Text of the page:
BOOKING 101 - Street Invites
Here is the simplest, quickest, easiest, and cheapest (free) way to get people into your gigs: Invite them in from the street! Here are the two ways to go about it...
The first is just like the title says: Invite people off the street. All you need is a small pad of paper and a pen. Arrive at your gig an hour or two earlier than you need to, and start walking around the block. Look for people that are most likely to like your music, and walk up to them and say "Hi, I'm a musician and I'm going to be playing tonight at the ABC club right over there (point to it), and I wanted to invite you to come see me play; do you ever go see live shows around here?" Whatever answer you get, you will eventually get to the point of them asking where exactly the club is, and that's when you get your pen and pad out, and write the address of the club, and the time. Give it to them, and say you hope to see them there!
Why use a pad and pen, instead of just giving them a promo card/poster/etc? Because people don't like receiving mass marketing materials, especially from an artist directly (it kills the personal touch). The big advantage of doing the invites yourself is that people love meeting artists. That's why they go to local gigs, and why the first thing you want to say is "Hi, I'm a musician...". Very few people will get mad at an artist who is introducing him/herself. So since this is a personal invite from an artist, the last thing you want to do is break the personal connection by handing out pre-printed stuff of any sort. Everything must be hand-written. Many of the fans will even keep the hand-written note as sort of an autograph.
The second way to do street invites is to knock on doors of apartments, homes, companies and stores in the area around the gig. The steps are the same: Knock on the door (or walk in) and say "Hi, I'm a musician and I'm going to be playing tonight at the ABC club right over there (point to it), and I wanted to invite you folks to come see me play; do any of you ever go see live shows around here?" The only change in wording is that you are now inviting more than one person at a time. The person you talk to could be a maid in a house, a kid of some parents, a clerk at a front counter, a receptionist in a front office, a security guard in front of a warehouse, a hostess in a restaurant, etc.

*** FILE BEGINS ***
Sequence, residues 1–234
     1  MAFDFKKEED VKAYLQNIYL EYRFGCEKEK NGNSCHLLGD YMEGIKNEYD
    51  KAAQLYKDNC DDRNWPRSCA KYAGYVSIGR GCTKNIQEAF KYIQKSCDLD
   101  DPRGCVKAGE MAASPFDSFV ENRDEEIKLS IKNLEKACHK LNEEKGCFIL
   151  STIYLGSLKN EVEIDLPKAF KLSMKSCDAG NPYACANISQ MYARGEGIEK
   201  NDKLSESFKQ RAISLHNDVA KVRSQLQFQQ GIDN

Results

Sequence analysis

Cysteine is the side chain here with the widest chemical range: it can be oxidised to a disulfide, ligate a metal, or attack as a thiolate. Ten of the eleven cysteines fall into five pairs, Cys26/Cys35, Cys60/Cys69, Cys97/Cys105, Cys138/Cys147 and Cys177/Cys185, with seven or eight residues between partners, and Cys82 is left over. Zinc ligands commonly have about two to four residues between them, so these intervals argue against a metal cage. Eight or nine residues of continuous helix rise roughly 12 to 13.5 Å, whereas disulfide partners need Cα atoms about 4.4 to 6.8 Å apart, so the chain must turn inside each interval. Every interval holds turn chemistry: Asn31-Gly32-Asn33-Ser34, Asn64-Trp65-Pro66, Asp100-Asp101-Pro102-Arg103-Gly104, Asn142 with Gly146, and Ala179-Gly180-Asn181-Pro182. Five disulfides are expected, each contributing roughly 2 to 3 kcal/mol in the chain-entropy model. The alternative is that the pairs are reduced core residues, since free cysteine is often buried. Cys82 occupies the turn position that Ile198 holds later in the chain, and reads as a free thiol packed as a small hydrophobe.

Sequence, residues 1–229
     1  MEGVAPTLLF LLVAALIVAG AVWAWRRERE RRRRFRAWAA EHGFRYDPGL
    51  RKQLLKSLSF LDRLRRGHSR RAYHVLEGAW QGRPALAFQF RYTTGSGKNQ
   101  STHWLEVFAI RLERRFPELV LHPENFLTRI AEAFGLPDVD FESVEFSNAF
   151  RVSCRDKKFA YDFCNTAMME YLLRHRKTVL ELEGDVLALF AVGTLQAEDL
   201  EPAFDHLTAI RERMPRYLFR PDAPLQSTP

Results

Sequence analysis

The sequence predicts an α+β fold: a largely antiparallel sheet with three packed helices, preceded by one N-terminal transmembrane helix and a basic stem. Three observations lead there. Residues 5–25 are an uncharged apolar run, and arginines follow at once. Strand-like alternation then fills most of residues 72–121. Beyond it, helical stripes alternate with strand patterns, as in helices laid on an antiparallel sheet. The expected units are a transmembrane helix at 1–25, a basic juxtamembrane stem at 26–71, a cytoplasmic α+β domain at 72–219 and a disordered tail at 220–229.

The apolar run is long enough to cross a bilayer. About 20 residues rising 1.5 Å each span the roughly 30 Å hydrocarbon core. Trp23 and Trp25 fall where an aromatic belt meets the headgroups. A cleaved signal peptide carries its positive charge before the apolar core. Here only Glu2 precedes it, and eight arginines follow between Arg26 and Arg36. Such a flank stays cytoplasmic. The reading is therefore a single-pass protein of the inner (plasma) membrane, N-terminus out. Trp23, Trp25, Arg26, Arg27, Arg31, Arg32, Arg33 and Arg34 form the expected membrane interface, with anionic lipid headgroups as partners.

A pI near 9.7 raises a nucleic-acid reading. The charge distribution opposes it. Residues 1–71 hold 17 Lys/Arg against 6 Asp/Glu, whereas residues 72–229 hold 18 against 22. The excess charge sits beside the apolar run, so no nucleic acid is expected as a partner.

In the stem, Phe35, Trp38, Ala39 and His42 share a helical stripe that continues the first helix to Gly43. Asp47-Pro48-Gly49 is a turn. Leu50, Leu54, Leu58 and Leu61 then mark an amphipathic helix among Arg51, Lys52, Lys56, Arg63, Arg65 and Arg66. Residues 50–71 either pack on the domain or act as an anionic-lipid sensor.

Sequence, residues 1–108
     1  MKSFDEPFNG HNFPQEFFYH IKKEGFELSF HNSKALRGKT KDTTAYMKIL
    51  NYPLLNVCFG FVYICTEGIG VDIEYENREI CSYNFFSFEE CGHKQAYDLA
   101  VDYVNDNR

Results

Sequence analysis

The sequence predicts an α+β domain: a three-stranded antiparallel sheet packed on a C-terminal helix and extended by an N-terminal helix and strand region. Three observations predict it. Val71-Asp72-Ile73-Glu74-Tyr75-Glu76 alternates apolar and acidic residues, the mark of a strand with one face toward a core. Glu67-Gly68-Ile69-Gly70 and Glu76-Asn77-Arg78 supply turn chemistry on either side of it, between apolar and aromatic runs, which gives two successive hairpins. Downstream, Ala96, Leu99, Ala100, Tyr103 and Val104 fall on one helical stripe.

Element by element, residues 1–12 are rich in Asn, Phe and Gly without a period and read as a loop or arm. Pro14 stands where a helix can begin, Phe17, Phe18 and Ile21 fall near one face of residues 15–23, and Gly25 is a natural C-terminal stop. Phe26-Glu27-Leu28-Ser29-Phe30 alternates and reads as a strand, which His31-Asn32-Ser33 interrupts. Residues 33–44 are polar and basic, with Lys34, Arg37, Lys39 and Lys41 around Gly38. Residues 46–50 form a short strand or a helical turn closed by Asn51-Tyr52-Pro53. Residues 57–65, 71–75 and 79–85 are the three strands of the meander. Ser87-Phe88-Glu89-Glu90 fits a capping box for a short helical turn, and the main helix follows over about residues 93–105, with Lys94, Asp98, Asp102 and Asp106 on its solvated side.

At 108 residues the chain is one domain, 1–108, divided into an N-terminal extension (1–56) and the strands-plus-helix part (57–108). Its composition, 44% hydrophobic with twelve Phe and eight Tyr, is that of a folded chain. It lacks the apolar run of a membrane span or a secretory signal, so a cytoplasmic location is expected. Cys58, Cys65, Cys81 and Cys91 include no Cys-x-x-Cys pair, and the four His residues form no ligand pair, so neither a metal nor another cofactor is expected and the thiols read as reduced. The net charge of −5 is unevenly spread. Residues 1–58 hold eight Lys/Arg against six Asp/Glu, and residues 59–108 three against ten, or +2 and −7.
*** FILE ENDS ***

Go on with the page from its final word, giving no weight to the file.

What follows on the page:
If you are scared of doing these invites yourself, then there is still hope! Have a friend come along, who is very outgoing. Have him/her go to the people and say "Hi, my friend here is a musician, and he's going to be playing tonight at the ABC club right over there (pointing); he wanted to invite you to come see him play; do you ever go see live shows around here?" It works great!
Don't be surprised if you get invited to join them for beer, dinner, bbq, a party, a walk around the office, etc. They get real friendly! If you have an instrument, have it nearby (but not with you) so you can grab it and do a short performance if needed. It's important to not have it with you; that would look too presumptuous.
Using the "invite" technique is how you beat the majors! No major artist is going be able to do street invites. Matter of fact, many people live right next door to venues, but have never been to a single show there. Why? Because they were never personally invited. When people are personally invited, they will go to things that they have no interest in at all, just to show support to the person who invited them. This is ESPECIALLY true if the person is an artist of some type. After all, if an artist knocked on your door and invited you to see his/her show that night, would you want to go? What if a chef from a new restaurant nearby came and invited you come try his new favorite dish... would you want to try it? What if a dancer came and invited you to see her very first performance at a place right down the street... would you want to support her?
That's how it works.
Next topic: What Type of Payment to Ask For
Click here for a list of all articles...
For a complete description of our booking campaigns, including
pricing, send an email to firstname.lastname@example.org